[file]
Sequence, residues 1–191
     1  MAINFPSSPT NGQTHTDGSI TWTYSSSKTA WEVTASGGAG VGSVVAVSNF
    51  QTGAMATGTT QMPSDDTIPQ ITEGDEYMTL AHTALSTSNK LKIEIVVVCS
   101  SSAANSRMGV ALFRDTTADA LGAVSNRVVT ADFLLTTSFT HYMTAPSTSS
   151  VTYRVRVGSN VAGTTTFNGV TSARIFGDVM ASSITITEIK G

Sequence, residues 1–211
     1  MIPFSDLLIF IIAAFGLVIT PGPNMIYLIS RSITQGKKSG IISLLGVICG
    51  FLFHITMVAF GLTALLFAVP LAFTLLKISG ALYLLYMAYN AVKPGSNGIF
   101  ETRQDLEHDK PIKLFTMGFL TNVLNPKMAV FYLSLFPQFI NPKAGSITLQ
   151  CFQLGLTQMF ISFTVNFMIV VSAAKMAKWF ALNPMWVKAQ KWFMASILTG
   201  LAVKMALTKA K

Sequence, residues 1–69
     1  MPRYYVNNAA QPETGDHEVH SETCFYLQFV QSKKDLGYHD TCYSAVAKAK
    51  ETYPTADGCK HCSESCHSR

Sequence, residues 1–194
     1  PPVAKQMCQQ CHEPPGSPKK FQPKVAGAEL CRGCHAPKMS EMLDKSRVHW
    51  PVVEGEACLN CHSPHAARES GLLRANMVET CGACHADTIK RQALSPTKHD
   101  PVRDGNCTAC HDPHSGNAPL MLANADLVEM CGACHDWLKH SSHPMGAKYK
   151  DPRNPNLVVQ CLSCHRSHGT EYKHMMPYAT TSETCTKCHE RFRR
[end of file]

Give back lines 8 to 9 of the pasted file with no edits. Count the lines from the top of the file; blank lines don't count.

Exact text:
    51  FLFHITMVAF GLTALLFAVP LAFTLLKISG ALYLLYMAYN AVKPGSNGIF
   101  ETRQDLEHDK PIKLFTMGFL TNVLNPKMAV FYLSLFPQFI NPKAGSITLQ